California Gov. Gavin Newsom's recent decision to upend the status quo of the NCAA by signing a law that allows student-athletes to financially benefit from their likeness has fueled debates around the country. The law makes complications for the NCAA and other states to sort out.
DLE Agency founder Doug Eldridge shared his insight into the law.
"I think, in the short term, California is certainly going to get some opposition from the NCAA, but I think we're looking at the possibility of unprecedented times moving forward," Eldridge told FOX Business' Neil Cavuto on Tuesday's "Cavuto: Coast To Coast."
Eldridge said California's large economy and 40 million people could make them the ideal state to try and take on the NCAA.
In fact, the first NCAA executive director Walter Byers coined the term "student-athlete" in 1964 in order to avoid a worker's compensation lawsuit. However, Eldridge argues the college athletics economy has changed drastically since then.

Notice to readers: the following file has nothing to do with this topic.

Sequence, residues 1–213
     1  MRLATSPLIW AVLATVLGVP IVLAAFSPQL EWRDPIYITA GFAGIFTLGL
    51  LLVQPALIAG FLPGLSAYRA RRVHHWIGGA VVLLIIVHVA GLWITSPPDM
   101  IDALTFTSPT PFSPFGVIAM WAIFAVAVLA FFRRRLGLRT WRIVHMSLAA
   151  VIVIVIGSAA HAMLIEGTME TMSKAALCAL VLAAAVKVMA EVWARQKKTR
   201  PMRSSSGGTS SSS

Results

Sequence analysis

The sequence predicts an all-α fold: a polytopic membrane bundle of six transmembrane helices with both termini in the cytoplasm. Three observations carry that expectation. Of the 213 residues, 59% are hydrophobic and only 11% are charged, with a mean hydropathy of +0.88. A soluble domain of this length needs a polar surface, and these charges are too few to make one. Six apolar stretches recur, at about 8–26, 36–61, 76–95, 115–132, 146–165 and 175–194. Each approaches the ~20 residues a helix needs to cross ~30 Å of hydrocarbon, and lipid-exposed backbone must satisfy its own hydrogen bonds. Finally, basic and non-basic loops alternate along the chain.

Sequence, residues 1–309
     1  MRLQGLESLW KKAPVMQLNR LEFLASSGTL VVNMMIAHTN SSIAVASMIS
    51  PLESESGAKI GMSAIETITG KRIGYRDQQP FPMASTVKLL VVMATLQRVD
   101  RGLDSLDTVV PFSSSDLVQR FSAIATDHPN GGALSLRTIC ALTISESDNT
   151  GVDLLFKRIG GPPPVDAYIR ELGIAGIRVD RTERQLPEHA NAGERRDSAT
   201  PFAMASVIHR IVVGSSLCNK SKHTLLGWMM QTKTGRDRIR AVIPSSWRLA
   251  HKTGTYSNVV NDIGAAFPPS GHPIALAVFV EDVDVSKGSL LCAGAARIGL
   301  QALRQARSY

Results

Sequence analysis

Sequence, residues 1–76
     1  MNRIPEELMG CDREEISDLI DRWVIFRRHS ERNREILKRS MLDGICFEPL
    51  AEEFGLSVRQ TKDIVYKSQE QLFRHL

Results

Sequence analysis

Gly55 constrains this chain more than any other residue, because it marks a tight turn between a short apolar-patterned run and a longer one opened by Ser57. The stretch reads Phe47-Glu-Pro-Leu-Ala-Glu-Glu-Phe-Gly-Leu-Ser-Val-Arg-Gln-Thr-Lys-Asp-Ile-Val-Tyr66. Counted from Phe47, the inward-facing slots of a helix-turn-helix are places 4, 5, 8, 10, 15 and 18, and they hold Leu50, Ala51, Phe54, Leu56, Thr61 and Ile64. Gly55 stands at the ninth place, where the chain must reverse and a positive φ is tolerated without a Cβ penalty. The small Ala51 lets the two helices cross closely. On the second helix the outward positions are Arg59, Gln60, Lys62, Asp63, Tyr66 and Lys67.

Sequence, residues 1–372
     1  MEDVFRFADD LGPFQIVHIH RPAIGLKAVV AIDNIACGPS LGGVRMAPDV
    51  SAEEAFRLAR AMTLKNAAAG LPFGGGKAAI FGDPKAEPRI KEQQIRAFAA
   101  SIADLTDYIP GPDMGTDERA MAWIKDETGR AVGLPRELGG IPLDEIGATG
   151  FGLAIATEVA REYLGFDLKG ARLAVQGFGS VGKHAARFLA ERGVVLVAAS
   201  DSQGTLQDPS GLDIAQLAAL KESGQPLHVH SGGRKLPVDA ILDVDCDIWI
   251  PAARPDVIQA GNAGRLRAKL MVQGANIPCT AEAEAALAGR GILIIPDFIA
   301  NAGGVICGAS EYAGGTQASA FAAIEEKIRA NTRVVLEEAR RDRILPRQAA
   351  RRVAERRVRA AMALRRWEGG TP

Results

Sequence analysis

"We're taking a billion-dollar entity and the players are ultimately the ones that lose out," Eldridge said.
Until now, scholarship athletes have been unable to financially profit from their name and likeness. In the past, even getting tattoos or selling gear has led to infractions from the NCAA.
Eldridge raised the point that about 1 percent fo college basketball players make it to the NBA and only about 2 percent of college football players make it to the NFL, which means the overwhelming majority of collegiate athletes don't turn pro.
"My issue is not the notion of a fair market value but the free market valuation," Eldridge said.
Eldridge expects other states to follow in California's footsteps.
FOX Business' Kristian Dyer contributed to this report.